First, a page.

Memories are irreplaceable, and those things associated with them hold the value of those cherished memories. Items that require replacing when used are valued for how long they can be maintained before requiring them to be replaced. Wasting food because it is available now doesn’t mean it will be weeks from now. Holding onto it and not using more than is necessary for each serving will make it last longer.

Each of these examples show how to extend the life of anything over which we have stewardship. And, in the process, extends the availability of our income just that much more for other necessities.

The future holds a great deal more than we bargain for. If we are proving ourselves to be good stewards over the land that gives us food, the food we gain, the possessions we own, we will not have as great a need for more income.

Unless we continue to live in complete ignorance of our responsibilities over what we have in our charge.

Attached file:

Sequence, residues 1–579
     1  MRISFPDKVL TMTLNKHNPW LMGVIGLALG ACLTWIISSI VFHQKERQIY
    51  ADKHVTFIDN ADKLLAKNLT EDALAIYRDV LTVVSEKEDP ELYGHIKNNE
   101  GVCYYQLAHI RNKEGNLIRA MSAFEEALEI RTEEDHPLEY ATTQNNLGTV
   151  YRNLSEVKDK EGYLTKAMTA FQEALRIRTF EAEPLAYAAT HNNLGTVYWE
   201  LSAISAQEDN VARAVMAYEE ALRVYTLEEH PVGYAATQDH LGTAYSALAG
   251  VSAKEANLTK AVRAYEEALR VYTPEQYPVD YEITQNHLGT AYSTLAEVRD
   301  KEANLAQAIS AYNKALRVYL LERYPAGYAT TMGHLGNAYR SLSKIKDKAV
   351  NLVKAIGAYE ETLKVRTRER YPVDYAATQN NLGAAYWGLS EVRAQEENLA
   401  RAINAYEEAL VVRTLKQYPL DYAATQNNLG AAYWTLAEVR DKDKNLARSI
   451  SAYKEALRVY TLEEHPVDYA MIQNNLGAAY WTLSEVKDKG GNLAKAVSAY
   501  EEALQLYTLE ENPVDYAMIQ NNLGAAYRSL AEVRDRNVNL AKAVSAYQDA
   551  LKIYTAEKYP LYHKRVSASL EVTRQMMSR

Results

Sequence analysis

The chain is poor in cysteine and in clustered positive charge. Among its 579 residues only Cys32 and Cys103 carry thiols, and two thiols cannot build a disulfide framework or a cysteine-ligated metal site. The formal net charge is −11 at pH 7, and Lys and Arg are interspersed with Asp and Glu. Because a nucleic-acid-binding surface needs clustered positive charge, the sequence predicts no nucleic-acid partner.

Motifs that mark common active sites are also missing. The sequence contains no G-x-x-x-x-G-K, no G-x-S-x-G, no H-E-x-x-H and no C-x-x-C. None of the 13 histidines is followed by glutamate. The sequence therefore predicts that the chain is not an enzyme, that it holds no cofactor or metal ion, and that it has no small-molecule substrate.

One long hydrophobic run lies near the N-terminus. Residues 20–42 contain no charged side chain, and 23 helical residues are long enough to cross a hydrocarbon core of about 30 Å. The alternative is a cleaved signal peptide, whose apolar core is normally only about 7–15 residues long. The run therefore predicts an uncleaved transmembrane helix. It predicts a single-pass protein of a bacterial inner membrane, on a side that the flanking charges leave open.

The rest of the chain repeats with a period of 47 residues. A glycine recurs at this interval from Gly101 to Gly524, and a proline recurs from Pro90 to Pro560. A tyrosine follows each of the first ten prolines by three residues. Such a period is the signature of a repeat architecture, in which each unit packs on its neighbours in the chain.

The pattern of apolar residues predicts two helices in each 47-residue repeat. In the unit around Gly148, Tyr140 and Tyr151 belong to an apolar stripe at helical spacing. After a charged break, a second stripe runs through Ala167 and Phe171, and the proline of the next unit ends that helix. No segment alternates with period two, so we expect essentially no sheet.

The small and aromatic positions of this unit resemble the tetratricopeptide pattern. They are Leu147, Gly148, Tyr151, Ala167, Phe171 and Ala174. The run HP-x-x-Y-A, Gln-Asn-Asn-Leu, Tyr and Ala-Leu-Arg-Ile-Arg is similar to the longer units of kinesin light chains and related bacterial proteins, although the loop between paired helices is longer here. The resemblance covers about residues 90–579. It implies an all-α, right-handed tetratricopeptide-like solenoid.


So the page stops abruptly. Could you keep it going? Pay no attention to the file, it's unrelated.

The things we desire in this short life are great for a dopamine release. But that effect is fleeting. And it is necessary to continually raise the bar for an increased hit. Whether that hit be drugs, shopping sprees, extreme excitement from dangerous feats, sex, or any other form of dopamine inducing experiences. When the body becomes accustomed to the hits, it wears out.


Then what?

We need to change what we are doing.

Our perception of value comes from our experiences with those things we value. And what we own isn’t as valuable as our end reward. It is something we all have to come to terms with in this life.

So, even as I struggle with loss over the years, I, too, need to realize that this very opportunity of lack gives me a better opportunity to practice trust. Trust in the One Who gives me this lack so I can better see Him instead of the shiny objects with which the world clutters our vision. And causes us such temptations to live beyond our means.

This sits on my dresser. I need to practice it more often.